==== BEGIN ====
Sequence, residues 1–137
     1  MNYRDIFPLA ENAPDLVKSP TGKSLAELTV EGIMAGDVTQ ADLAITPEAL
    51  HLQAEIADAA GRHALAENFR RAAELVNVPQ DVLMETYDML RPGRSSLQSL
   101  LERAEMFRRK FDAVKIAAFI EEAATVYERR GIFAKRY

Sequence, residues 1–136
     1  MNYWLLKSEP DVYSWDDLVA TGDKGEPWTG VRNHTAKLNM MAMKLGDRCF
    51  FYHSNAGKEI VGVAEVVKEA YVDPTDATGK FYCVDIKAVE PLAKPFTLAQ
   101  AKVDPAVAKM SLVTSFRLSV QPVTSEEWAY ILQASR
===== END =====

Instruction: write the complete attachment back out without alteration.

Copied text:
Sequence, residues 1–137
     1  MNYRDIFPLA ENAPDLVKSP TGKSLAELTV EGIMAGDVTQ ADLAITPEAL
    51  HLQAEIADAA GRHALAENFR RAAELVNVPQ DVLMETYDML RPGRSSLQSL
   101  LERAEMFRRK FDAVKIAAFI EEAATVYERR GIFAKRY

Sequence, residues 1–136
     1  MNYWLLKSEP DVYSWDDLVA TGDKGEPWTG VRNHTAKLNM MAMKLGDRCF
    51  FYHSNAGKEI VGVAEVVKEA YVDPTDATGK FYCVDIKAVE PLAKPFTLAQ
   101  AKVDPAVAKM SLVTSFRLSV QPVTSEEWAY ILQASR